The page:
Waving a magical virtual wand over your home and garden, I wish you a blessed, safe, and healthy holiday.
We'll be together again next year with faith, hope, and love!
Happy gardening. Happy growing. Merry Christmas and Happy New Year!
Cynthia Brian's Gardening Guide for December
- FERTILIZE trees, shrubs, and ground covers.
- APPLY snail bait to areas where slugs and snails do damage.
- SPREAD elemental sulfur to citrus, azalea, rhododendron, camellia, and hydrangea to lower the soil PH.
- DEEP feed smaller shrubs to accelerate growth in the gaps of hedges.
- ADD a swath of fluorescent red, white or pink cyclamen to add pops of color to the winter landscape.
- DEADHEAD roses to extend blooming until heavy pruning in January or if you prefer, allow the rosehips to form. Rosehips are a source of vitamin C and can be harvested for tea.
- STUFF stockings with gardening goodies including a hand trowel, gloves, seeds and a garden guide. "Growing with the Goddess Gardener" offers 12 months of helpful advice and comes with free seed packets and a relaxing CD. www.CynthiaBrian.com/online-store
- CUT branches of berries from heavenly bamboo, cotoneaster, holly, or pyracantha to add to mantels and wreaths.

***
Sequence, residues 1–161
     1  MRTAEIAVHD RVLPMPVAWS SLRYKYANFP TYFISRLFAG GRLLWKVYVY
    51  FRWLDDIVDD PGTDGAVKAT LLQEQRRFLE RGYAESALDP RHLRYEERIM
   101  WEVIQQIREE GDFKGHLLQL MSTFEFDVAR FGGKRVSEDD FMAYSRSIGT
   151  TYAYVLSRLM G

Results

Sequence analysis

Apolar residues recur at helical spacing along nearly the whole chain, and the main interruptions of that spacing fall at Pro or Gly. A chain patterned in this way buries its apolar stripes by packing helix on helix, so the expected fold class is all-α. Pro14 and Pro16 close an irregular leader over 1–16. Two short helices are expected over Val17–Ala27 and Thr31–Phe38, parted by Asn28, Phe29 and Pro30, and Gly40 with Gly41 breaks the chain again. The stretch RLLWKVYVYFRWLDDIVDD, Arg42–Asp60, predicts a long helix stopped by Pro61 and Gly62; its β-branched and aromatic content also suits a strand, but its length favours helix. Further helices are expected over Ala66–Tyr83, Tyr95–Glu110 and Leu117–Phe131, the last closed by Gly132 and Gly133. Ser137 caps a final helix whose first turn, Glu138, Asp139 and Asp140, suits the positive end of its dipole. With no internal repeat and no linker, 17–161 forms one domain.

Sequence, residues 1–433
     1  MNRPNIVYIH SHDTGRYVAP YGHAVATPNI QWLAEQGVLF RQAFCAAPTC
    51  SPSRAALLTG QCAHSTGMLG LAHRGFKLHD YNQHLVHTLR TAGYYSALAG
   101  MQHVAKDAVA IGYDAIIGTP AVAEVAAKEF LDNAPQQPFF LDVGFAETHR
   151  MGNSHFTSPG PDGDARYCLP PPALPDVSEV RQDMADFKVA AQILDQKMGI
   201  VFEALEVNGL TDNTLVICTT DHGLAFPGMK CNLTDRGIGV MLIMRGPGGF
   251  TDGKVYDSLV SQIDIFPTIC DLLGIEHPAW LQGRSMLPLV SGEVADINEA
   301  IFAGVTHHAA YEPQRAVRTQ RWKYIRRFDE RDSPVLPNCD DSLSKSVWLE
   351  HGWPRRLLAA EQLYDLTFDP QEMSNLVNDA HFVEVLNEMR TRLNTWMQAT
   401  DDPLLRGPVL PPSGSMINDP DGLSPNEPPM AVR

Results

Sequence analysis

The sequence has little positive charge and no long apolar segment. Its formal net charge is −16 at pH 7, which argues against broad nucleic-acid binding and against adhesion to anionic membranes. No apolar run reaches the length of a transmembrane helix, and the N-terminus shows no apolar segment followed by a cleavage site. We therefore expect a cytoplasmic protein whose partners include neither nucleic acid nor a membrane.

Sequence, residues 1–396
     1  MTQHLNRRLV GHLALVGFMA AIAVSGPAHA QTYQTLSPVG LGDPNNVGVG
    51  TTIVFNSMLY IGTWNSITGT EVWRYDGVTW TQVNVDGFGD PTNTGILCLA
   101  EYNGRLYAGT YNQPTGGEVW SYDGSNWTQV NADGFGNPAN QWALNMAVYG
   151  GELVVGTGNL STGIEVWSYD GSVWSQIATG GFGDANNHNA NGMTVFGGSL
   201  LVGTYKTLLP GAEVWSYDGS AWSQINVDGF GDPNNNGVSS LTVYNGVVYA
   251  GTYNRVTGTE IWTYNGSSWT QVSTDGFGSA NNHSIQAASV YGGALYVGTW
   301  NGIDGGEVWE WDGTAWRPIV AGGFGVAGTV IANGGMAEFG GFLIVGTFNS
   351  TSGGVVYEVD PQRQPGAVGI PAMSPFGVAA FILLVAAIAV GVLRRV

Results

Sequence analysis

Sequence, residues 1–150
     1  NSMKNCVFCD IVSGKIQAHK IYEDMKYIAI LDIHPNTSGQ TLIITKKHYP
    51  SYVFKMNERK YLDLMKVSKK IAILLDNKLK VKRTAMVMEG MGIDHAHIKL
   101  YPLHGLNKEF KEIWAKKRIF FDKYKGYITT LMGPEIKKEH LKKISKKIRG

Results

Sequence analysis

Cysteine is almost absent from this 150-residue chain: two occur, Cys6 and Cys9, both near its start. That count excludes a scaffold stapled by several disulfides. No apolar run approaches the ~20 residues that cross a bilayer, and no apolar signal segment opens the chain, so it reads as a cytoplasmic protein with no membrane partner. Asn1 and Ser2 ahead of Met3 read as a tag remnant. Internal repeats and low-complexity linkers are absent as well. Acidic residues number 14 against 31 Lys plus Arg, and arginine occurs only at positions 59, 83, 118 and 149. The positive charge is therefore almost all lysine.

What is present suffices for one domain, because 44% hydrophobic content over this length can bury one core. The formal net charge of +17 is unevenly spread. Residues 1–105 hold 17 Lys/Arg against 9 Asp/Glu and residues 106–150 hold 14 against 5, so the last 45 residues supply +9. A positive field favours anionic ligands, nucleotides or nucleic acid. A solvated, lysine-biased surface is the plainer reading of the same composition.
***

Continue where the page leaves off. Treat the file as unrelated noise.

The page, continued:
- RAKE leaves from lawns to keep them from matting.
- MOVE mower to a higher cutting level and don't mow when the ground is too wet.
- PROTECT tender plants from frost and freeze by moving potted plants inside or close to the house.
- BUY camellias now in the colors to suit your landscape d├ęcor while they are stocked as blooming specimens in nurseries.
- CUT back chrysanthemums to six inches after blooms fade.
- PLANT any remaining spring-blooming bulbs.
- CELEBRATE your home and garden for the holidays!

Bright red pomegranates resemble ornaments hanging on the tree. Photos Cynthia Brian
Hachiya persimmons are ripe to make a yummy Christmas pudding. Photos Cynthia Brian
Golden Breath of Heaven (coloeonem pulchrum) translates to "pretty" in Latin will bear pink flowers. Photos Cynthia Brian
Incorporate the red berries of heavenly bamboo holiday wreaths and arrangements. Photos Cynthia Brian
The fluorescent red cyclamen illuminates any holiday landscape.
Aptenia, also known as red apple, is a firewise and drought-tolerant ground cover.
Rosehips can be harvested for teas rich in vitamin C.
Cynthia Brian is at home and in her garden for the holidays.
Cynthia Brian, The Goddess Gardener, is available for hire to help you prepare for your spring garden. Raised in the vineyards of Napa County, Cynthia is a New York Times best-selling author, actor, radio personality, speaker, media and writing coach as well as the Founder and Executive Director of Be the Star You Are!r 501 c3. Tune into Cynthia's StarStyler Radio Broadcast at www.StarStyleRadio.com. Buy copies of her best-selling books, including, Chicken Soup for the Gardener's Soul, Growing with the Goddess Gardener, and Be the Star You Are! Millennials to Boomers at www.cynthiabrian.com/online-store. Hire Cynthia for writing projects, garden consults, and inspirational lectures. Cynthia@GoddessGardener.com www.GoddessGardener.com